You are what you eat ― and what you don’tDuring the winter vacation of my first year in college, my friend Hafiz, a Malay and a Muslim, came to visit me in Seoul. Looking for a way to pass the time, I took him to Lotte World, an amusement park attached to a hotel and a mall not far from my parents’ home. We roamed the indoor amusement park for hours, defying gravity on as many rides as we could.
Eventually our stomachs started to growl and I suggested that we eat at Lotteria, a burger chain owned by the same conglomerate that owns the amusement park-hotel-mall complex. As far as cheap chow goes, it was our only option. I ordered two bulgogi burger meals. Presuming that Hafiz had never before tasted bulgogi, a signature Korean dish loved by natives and foreigners alike, I thought it was the perfect choice ― even if the burger version wasn’t quite like mom’s.
We sat down and started to dig in. Everything was fine until Hafiz took the first bite. He got this disturbed look on his face and asked, “Isn't this pork?” I just stared at him. I never considered that the burgers might be pork. Bulgogi is made of beef. Hamburgers are made of beef. After hesitating for just a moment, I told Hafiz with utmost confidence that it was 100 percent beef. As evidence I pointed to the goofy drawing of a smiling cow on the burger wrappers.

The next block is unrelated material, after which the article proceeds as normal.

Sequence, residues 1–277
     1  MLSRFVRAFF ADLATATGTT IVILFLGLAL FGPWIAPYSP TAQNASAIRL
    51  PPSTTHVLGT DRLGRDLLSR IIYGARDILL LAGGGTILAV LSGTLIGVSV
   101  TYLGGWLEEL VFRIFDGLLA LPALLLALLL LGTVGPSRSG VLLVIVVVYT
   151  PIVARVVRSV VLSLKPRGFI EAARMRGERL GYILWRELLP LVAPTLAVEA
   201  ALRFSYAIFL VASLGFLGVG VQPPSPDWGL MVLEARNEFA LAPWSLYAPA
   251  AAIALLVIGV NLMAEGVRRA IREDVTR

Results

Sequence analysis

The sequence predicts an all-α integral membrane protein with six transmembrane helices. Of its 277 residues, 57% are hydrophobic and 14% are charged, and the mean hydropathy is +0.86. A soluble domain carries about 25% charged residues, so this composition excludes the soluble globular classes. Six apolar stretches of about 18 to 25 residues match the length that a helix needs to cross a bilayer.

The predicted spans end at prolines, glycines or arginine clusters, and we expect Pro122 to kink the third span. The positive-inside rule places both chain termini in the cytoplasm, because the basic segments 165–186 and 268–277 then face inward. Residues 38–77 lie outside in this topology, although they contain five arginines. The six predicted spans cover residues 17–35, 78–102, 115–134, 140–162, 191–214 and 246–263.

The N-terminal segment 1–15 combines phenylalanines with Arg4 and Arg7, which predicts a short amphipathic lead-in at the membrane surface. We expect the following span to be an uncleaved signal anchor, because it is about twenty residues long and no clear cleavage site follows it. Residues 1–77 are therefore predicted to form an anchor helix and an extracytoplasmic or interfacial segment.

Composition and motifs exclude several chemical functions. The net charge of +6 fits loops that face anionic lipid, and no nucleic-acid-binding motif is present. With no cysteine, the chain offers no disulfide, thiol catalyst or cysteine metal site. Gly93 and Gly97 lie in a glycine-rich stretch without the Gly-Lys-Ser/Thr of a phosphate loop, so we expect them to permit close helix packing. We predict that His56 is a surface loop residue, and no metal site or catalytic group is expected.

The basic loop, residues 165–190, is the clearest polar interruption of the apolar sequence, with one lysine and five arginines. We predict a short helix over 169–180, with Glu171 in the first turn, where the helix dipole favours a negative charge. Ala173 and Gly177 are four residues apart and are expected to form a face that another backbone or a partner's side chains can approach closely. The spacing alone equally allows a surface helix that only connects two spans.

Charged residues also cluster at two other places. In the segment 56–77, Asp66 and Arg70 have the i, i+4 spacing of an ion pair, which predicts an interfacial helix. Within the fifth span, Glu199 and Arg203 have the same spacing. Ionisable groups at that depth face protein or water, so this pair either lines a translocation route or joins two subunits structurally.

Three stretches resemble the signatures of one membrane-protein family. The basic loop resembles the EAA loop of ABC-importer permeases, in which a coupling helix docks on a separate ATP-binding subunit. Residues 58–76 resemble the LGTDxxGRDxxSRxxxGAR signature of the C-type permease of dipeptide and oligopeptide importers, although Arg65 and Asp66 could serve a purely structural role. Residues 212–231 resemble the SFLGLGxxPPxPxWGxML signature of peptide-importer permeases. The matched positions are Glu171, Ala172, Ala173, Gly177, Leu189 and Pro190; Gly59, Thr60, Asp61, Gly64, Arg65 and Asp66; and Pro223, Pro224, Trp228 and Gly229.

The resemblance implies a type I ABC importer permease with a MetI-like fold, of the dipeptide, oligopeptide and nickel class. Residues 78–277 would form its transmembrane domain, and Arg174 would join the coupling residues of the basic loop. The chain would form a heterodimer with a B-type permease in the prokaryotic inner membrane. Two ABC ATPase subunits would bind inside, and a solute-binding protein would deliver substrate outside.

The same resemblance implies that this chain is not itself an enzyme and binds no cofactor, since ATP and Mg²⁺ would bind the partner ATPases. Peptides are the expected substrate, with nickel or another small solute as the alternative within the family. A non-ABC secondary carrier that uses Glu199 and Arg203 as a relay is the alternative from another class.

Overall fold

I then said that the sweet-and-spicy bulgogi marinade might explain why it didn’t taste like any beef he had eaten before. Hafiz accepted my explanation and wolfed down the rest of his burger.
When we got back to my parents’ apartment that night I couldn’t shake the suspicion that Hafiz had planted in my head. I had to get a second opinion. I called a friend and asked her if the bulgogi burgers at Lotteria were made of pork. “Of course they are,” she said.
“Then why is there a picture of a cow on the wrapper?” I asked.
“I don’t know,” she said. “But they are definitely pork.”
After the call I agonized over whether I should tell Hafiz or not. I felt terribly guilty. I knew he would be furious if he found out.
I resolved to only feed him at places where I could positively identify the food. But for the rest of his visit I felt like he was suspicious. Every time we ate something he would ask, “You’re sure there’s no pork in this, right?”
Recently, I telephoned Lotteria to inquire about the contents of their bulgogi burgers. To my relief, it turns out I was right ― they are made of beef. Goodbye, decade of guilt.
by Lee Ho-jeong